Malcolm McDowell, Bernadette Peters and Dermot Mulroney at a screening Event For Amazon's "Mozart In The Jungle" held at Pacific Theatres at the Grove, Los Angeles, California, United States - Thursday 1st December 2016
Bernadette Peters - Donna Karan & Parsons School of Design kick off the holiday season with a cocktail party at Urban Zen - New York, United States - Thursday 19th November 2015
Bernadette Peters - Broadway Barks 17, an annual event to benefit NYC animal shelters and adoption agencies, held in Shubert Alley. at Shubert Alley, - New York City, New York, United States - Sunday 12th July 2015
Bernadette Peters - American Theatre Wing's 69th Annual Tony Awards at Radio City Music Hall - Red Carpet Arrivals at Radio City Music hall, Tony Awards - New York City, New York, United States - Sunday 7th June 2015
Despite substandard animation, this brightly coloured sequel has a strong enough sense of both its story and characters to hold the audience's attention. And kids might not mind the quality, as they are re-introduced to classic characters in an all-new adventure based on the book Dorothy of Oz by Roger S Baum (great-grandson of L Frank).
It starts the morning after Dorothy (voiced by Lea Michele) gets back home to Kansas after her iconic adventure. Her panicky friends Scarecrow, Tinman and Lion (Dan Aykroyd, Kelsey Grammer and James Belushi) summon her back to Oz, where considerable time has passed while a crazed Jester (Martin Short) kidnaps good witch Glinda (Bernadette Peters) so he and his army of flying monkeys can launch their reign of terror. On her long journey back to Emerald City, Dorothy has a series of adventures with Wiser the owl (Oliver Platt), Marshal Mallow (Hugh Dancy), the China Princess (Megan Hilty) and the old tree Tugg (Patrick Stewart), who all help her take on the Jester.
Yes, the plot is rather simplistic (the Jester merely seems evil for evil's sake), but the real problem is that the animation is badly under-developed. Characters are painfully thin, with no gravity to them at all, which makes it impossible for them to properly interact visually. Fortunately there are some clever touches to the design work, such as the way everything in Oz looks battered and broken, which adds a badly needed dark edge to the otherwise sunny silliness.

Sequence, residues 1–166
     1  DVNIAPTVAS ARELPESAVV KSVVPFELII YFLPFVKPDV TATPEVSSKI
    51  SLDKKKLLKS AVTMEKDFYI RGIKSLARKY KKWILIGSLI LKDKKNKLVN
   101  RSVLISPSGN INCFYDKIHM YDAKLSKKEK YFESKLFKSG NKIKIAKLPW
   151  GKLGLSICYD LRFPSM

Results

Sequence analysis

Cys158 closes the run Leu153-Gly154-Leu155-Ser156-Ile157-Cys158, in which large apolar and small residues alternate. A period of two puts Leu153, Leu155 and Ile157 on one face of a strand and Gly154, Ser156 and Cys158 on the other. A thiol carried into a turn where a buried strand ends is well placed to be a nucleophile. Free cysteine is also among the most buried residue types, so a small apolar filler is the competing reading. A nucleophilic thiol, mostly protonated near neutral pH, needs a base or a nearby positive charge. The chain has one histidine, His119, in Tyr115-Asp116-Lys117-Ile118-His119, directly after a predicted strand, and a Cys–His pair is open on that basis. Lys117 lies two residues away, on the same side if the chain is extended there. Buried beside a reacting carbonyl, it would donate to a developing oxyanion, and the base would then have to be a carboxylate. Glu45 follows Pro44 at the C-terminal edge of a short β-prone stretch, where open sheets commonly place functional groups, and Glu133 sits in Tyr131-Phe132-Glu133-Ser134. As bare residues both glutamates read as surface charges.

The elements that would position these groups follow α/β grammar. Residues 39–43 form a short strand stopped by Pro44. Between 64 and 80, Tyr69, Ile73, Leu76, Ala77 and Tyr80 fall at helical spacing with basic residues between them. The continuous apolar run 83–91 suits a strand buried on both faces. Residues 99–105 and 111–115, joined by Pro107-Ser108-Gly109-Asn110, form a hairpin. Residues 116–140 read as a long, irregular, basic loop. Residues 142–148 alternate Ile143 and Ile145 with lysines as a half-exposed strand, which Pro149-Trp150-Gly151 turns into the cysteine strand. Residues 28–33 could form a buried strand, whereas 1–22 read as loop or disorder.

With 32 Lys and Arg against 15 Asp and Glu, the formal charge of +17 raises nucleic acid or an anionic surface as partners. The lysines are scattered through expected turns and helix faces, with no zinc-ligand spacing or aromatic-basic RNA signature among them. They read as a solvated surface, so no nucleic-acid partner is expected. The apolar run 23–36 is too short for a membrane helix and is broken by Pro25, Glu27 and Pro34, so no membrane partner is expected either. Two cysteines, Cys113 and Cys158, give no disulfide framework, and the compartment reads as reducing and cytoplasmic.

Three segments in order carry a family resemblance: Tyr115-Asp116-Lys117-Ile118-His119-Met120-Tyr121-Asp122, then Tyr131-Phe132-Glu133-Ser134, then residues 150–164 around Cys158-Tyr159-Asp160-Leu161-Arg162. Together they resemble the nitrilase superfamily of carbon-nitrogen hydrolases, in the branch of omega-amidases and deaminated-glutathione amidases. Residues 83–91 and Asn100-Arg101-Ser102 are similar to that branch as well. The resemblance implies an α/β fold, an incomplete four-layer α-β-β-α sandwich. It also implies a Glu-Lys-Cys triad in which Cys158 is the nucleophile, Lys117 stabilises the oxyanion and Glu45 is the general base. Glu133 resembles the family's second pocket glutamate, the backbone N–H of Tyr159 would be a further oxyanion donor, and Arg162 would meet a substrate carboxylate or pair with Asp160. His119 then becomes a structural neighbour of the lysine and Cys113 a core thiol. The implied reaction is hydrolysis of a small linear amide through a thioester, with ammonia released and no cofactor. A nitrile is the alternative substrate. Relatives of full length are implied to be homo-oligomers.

Continue reading: Legends Of Oz: Dorothy's Return Review
Dorothy Gale is barely back in her Tornado-ravaged hometown in Kansas five minutes than she is whisked off over the rainbow back to the topsy-turvy land of Oz once more to rescue her friends, the Scarecrow, Tin Man, Cowardly Lion and Glinda, and the rest of Oz's innocent residents from a terrible peril. At the helm of this new evil is the Jester, more frightening than funny, who plans to turn the leaders of Oz into puppets controlled for his own nefarious means. Along the way Dorothy and her beloved dog Toto meets a string of new and unusual characters including Wiser the Owl, China Princess, Marshal Mallow and former tree Tugg the Tugboat, as she sets off on another exhilarating adventure to find her friends.
'Legends Of Oz: Dorothy's Return' is a new animated fantasy based on both L. Frank Baum's 'The Wonderful Wizard of Oz' and his great-grandson Roger Stanton Baum's sequel 'Dorothy of Oz'. It has been directed by Will Finn ('The Road to El Dorado') and Dan St. Pierre ('Quantum Quest: A Cassini Space Odyssey') and written by Adam Balsam, Randi Barnes ('Imagination Movers') and Barry Glasser ('Skateboy') with a film score by Oscar nominated singer Bryan Adams. This enchanting family movie with hit the US on May 9th 2014.
Martin plays Arthur, a down-on-his luck sheet-music salesman worn out by his loveless marriage to Joan (Jessica Harper) - loveless, in part, because his life with Joan can't match the fantasies produced by the lyrics he sells. Hitting the road, he meets Eileen (Bernadette Peters), a mousy but sweet school teacher. Together, they fall in love, and express that love in dance and song. Sort of: They're actually lip-synching to songs of the '30s, riffing on old music the same way that Martin would riff on old films less successfully a few years later in Dead Men Don't Wear Plaid. After Arthur gets cold feet about the relationship - not before dancing quite well - Eileen falls into the dastardly clutches of Tom (Walken), a pimp. It's Walken's performance that makes the film - a dowdy but charming tap-dance striptease to Cole Porter's "Let's Misbehave." With a pencil-thin mustache and a lecherous leer, he has all the fearfulness he showed in The Deer Hunter with a sophistication he never showed off often enough.
Continue reading: Pennies From Heaven Review
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